York has a long tradition of working with our citizens and communities in innovative ways. In the 1990s we introduced participatory budgeting. Working with citizens across our 21 neighbourhoods, we pioneered the development of Neighbourhood Agreements and explored the social contract between citizen and state. In 2016, York’s People Helping People partnership came together to re-imagine our approach to volunteering and explore how we might enable a ‘people led approach’, embedding social action across the city.
Today, citizens are increasingly coming together to define what they want and find new ways to meet that through collaboration and the delivery of people powered public services. People's strengths, skills and networks - their assets - are being harnessed to provide self-supporting networks and a deep reservoir of community resources that people can draw upon to keep well and lead independent, fulfilled lives.
We are on a journey to becoming an asset-based place. In this context, the local authority and other statutory partners are facilitators. We can help bring people together, provide some of the resources - the buildings and infrastructure - and even in tough financial times, we can provide some of the money. But we acknowledge that we do not have all the answers.
York is now confident in the things it can do, and the difference its citizens’ skills and expertise make, but we also have the humility to recognise our limitations.
York is building a place where we have strong, resourceful, and connected people - a hub of place-based social action. We have a leadership role in making sure a diverse range of support exists locally, making the best use of resources to support communities.
We are working to align a number of collaborative initiatives, including:
Across all of our work, we have been developing the evidence base for change. We have asked people, community organisations, public sector and businesses what encourages or discourages them to contribute to their local community.
Despite York’s history of community development, our active citizenry and volunteering was not being strategically connected or mobilised to help address complex problems, with city leaders sometimes absent from this narrative and co-production process. In order to have a wider and deeper impact, whole systems and areas need to be aligned.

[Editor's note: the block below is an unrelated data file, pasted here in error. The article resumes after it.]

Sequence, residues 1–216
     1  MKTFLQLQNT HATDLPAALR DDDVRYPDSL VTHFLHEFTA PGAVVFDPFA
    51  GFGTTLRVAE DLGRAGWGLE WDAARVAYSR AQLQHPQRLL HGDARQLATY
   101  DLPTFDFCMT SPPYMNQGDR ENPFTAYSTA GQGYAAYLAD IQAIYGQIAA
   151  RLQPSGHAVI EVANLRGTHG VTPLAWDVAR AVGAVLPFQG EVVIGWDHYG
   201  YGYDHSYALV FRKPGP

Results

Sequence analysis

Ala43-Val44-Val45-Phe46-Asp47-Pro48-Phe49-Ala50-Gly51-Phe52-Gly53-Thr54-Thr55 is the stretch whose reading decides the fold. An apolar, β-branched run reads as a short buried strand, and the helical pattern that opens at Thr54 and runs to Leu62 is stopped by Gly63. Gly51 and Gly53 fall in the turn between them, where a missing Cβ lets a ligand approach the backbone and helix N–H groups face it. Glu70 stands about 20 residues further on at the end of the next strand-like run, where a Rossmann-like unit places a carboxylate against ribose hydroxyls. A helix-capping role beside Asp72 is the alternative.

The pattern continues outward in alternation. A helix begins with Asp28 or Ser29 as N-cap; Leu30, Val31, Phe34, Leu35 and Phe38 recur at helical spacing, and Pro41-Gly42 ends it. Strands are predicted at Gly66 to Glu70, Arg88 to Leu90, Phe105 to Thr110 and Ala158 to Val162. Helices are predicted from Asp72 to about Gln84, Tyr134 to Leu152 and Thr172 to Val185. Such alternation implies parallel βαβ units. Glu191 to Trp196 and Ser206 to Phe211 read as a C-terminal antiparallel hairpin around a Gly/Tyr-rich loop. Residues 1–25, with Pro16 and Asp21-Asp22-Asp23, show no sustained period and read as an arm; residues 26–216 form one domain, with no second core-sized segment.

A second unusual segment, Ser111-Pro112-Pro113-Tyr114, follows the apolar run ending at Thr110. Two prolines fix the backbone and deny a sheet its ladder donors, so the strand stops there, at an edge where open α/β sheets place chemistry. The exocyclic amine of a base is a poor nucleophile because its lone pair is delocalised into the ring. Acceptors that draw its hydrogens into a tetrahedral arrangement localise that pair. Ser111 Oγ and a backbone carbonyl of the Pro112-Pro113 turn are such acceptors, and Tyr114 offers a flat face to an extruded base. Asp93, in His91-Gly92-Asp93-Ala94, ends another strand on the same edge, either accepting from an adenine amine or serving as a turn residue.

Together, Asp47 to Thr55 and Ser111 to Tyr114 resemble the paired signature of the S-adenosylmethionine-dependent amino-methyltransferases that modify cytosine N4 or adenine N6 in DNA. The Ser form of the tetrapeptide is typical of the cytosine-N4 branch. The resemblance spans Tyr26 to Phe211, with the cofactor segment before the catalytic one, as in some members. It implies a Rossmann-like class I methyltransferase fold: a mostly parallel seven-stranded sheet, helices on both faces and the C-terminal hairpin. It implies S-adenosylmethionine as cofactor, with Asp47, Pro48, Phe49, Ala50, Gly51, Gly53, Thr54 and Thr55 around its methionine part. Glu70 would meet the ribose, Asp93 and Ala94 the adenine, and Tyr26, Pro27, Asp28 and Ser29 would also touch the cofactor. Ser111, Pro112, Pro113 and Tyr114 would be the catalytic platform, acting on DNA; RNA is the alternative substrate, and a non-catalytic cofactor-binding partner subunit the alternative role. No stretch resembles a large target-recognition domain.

The ‘aha’ moment came at our People Helping People conference in 2017, where we asked the public how we could we could work with them. We publicly acknowledged, that in an age of austerity, increasing attention is often paid to what councils ‘cannot’ do, making it vital to gain some clarity on what the organisations and people of an area ‘can’ do. Through joint consideration, we recognised, every area and its citizens can achieve more when they combine their expertise, time, creativity and resources.
This is the future for York, sharing power with citizens and the council creating a space for everyone to act. I would suggest that people can lead that change only when acting as local citizens, not when acting in professional or service leadership roles; we should be responsive to need, but looking for capability and potential.
This matters for me, it’s why I came into public service. Local government based on strong values, humility and people has to be the way forward - the new normal. As such, our language has evolved to be more compassionate, caring and relational, building on asset based community development practice and recognising the relationships that we develop with people will change the system.
In my experience of 30 years in the public sector, genuine power sharing with citizens and growing social movements is not always understood deeply and it can be hard for politicians to see this untapped capacity. However, times are changing and I remain convinced that the future of public services are ‘people powered’ and social action ought to be the norm rather than the exception.
I hope we have a future of more compassionate, collaborative and caring public services, augmented by the power of people and a public sector that is more enabling and facilitative. We need to support all citizens who want to take part in imagining, creating and communicating a future where we can all make a contribution to the health, wellbeing and success of our communities and economy.
If the 21st century is to truly be the century of the citizen, let’s maintain the momentum that is gathering for social change.
Around the world local governments are plugging the power of citizens back into places, institutions, services and democracies. In this series, five public service innovators placing citizens at the heart of their work share their experiences on this journey.